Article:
Prevention of Psychological Effects of d-Lysergic Acid Diethylamide (LSD 25) by its 2-Brom Derivative (BOL 148)

  title={Prevention of Psychological Effects of d-Lysergic Acid Diethylamide (LSD 25) by its 2-Brom Derivative (BOL 148)},
  author={K. H. Ginzel and W. Mayer-gross},
IN view of the blocking effect often exerted by the close chemical analogue of a pharmacologically specific agent, we tried to determine whether the psychological symptoms induced by D-lysergic acid diethylamide (LSD 25) could be influenced by one of its psychologically inactive derivatives. The 2-brom derivative of LSD 25 (BOL 148) exerts no psychological effects1. 
Cross tolerance between d-2-brom-lysergic acid diethylamide (BOL-148) and the d-diethylamide of lysergic acid (LSD-25)
Simultaneous administration of 2 to 4 mg of d-2-Brom lysergic acid diethylamide (BOL-148) did not reduce the intensity of the reaction caused by 0.5 to 1.5mcg/kg of LSD-25, and pre-treatment resulted in statistically significant attenuation of all aspects of the LSD reaction that were measured.
The preservation of substance P by lysergic acid diethylamide.
  • W. Krivoy
  • Chemistry, Medicine
    British journal of pharmacology and chemotherapy
  • 1957
The inhibition of the destruction of substance P by LSD could be antagonized by 2 bromo-LSD, and the response of guinea-pig ileum to substance P but not to histamine was potentiated.
Studies on lysergic acid diethylamide (LSD-25). III. Attempts to attenuate the LSD-reaction in man by pretreatment with neurohumoral blocking agents.
A hypothesis which ascribes the LSD psychosis to competition between LSD and serotonin for receptor sites on or in neurons, which might be termed the serotonin-deficiency theory, is based in part on the following evidence: Serotonin is found in brain, 6.
Potentiation of substance P by lysergic acid diethvlamide in vivo.
  • W. Krivoy
  • Chemistry, Medicine
    British journal of pharmacology and chemotherapy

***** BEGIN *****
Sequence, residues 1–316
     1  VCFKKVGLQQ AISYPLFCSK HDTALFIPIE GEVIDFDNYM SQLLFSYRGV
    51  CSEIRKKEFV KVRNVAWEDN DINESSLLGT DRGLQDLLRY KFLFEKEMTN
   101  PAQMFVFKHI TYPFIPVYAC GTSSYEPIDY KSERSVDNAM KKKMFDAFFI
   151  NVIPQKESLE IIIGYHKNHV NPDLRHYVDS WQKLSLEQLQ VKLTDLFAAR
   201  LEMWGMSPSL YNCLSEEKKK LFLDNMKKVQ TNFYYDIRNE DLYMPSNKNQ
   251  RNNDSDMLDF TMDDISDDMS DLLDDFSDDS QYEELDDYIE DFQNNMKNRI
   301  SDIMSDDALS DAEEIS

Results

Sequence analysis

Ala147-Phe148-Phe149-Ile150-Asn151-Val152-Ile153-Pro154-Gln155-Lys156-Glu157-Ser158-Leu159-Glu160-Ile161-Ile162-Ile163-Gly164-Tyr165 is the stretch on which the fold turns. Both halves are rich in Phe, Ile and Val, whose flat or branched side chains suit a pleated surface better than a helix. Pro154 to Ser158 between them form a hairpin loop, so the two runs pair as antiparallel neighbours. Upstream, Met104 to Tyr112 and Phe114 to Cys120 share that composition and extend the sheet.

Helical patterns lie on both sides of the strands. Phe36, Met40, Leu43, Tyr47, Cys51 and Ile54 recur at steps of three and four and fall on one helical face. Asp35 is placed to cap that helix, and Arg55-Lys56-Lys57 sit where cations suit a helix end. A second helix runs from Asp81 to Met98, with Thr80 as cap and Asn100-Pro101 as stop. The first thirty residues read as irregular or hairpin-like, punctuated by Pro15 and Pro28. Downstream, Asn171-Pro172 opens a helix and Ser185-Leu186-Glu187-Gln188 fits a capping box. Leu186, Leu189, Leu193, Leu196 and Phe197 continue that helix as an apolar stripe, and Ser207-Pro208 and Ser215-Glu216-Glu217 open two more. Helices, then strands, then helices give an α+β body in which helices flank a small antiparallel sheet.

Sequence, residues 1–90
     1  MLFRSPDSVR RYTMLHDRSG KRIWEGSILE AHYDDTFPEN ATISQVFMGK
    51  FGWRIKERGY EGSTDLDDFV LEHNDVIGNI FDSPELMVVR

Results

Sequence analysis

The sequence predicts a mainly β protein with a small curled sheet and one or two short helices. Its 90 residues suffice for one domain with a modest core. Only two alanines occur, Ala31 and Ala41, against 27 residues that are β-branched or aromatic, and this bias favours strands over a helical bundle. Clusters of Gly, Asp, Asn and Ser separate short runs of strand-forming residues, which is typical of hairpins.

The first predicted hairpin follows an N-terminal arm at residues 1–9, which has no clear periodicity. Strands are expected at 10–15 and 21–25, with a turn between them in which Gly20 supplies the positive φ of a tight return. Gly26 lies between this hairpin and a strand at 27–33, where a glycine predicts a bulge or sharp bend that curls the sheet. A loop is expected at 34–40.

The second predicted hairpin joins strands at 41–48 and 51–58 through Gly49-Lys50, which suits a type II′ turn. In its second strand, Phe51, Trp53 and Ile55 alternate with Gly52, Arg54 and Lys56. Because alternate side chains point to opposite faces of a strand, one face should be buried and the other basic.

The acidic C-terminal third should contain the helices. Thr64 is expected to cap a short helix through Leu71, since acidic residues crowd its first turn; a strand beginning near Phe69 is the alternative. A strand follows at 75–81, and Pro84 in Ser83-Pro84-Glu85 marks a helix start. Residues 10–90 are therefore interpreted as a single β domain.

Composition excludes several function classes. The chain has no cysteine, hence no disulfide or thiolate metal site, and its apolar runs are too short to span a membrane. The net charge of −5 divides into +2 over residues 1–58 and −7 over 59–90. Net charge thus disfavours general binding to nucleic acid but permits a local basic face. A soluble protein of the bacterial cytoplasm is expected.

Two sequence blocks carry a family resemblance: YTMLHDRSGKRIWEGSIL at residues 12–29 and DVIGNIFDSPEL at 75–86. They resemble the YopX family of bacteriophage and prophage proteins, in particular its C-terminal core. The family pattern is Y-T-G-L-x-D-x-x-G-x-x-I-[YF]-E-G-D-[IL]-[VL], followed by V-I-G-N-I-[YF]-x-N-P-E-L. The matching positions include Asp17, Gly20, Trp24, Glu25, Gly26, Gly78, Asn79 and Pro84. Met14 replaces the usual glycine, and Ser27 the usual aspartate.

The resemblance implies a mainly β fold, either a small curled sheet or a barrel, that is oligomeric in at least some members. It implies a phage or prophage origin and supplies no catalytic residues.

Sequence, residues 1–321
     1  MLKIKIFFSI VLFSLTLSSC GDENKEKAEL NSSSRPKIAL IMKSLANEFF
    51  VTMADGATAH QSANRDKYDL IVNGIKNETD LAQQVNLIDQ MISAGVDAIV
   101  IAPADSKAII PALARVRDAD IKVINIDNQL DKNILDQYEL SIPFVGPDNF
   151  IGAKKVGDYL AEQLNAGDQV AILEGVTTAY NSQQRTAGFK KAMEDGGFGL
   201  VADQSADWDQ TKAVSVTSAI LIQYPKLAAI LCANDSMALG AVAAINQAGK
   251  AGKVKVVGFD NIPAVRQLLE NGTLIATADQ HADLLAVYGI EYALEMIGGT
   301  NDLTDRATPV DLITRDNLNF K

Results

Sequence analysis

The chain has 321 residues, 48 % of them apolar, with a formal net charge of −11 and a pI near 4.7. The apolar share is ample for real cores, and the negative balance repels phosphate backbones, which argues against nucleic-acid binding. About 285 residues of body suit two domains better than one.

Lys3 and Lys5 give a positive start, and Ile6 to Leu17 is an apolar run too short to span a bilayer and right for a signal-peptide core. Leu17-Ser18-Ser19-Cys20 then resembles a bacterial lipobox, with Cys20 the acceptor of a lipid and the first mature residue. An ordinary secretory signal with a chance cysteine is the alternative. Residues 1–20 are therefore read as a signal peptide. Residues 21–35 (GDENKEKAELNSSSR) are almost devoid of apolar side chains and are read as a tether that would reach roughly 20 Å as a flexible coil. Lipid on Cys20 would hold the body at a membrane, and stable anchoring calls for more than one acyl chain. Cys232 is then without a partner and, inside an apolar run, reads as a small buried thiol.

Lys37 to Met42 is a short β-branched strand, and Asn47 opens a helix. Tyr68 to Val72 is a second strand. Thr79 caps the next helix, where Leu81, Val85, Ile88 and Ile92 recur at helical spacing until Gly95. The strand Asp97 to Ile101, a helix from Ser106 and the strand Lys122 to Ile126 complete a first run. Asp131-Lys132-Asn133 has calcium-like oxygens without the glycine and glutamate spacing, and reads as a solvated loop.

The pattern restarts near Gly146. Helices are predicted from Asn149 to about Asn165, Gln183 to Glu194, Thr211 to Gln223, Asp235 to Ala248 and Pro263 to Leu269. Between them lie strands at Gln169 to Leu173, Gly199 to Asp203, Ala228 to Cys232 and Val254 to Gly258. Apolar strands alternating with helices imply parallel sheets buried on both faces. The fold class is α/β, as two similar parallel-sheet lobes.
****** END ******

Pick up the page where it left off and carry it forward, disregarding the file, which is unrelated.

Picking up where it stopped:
• 1961
In doses of 10 mug/kg or more, lysergic acid diethylamide enhanced the fourth potential (DR IV) of the dorsal root potential complex in the cat and revealed an enhancement of the potential by substance P, which by itself had no effect.
The effect of lysergic acid diethylamide, 5-hydroxytryptamine, and related compounds on the liver fluke, Fasciola hepatica.
  • T. Mansour
  • Biology, Medicine
    British journal of pharmacology and chemotherapy
  • 1957
Evidence which suggests the presence of tryptamine receptors in the trematode is discussed, and other analogues such as yohimbine, harmine, and dopamine depressed rhythmical movement and antagonized the stimulant action of 5-hydroxytryptamine and lysergic acid diethylamide.
LSD-like delirium following ingestion of a small amount of its brom analog (BOL-148).
Excerpt In 1943 Hoffmann1detected in himself strange mental effects from a compound that he and Stoll2had prepared in 1938 and reported in 1943 as an oxytocic agent similar to ergonovine. This obse...
D‐Lysergic acid diethylamide (LSD): A review of its present status
  • A. Hoffer
  • Psychology, Medicine
    Clinical pharmacology and therapeutics
  • 1965
This is a review of an important but controversial subject, written by one of the important figures involved in the controversy, and thought important to bring details of the subject to the attention of a large readership.
Some Compounds With Hallucinogenic Activity
Although “delusional insanity” has been reported among the manifestations of convulsive ergotism (Barger, 1931), none of the naturally occurring ergot alkaloids have typical hallucinogenic
Role of Serotoninergic Neurons and 5-HT Receptors in the Action of Hallucinogens
Brain serotonin receptors and serotoninergic pathways have received increasing attention as targets for a wide variety of therapeutic agents, but the so-called hallucinogenic drugs, which presently lack demonstrated therapeutic utility, still remain pharmacological curiosities.
Pharmacology and Classification of LSD-like Hallucinogens
Hallucinogens of the LSD-type have been used since antiquity (Schultes, 1969, 1970a, b). Peyote and mushrooms containing psilocin (Heim and Wasson, 1958; Wasson, 1959) were used by Indians of the


Role of 5-Hydroxytryptamine in Mental Diseases and its Antagonism to Lysergic Acid Derivatives
The hypothesis is that certain of the actions of 5-hydroxytryptamine are antagonized by lysergic acid diethylamide, a drug which on oral application and in doses of only 0.5–1.0 µgm./kgm produces pronounced psychic disturbances in normal human beings.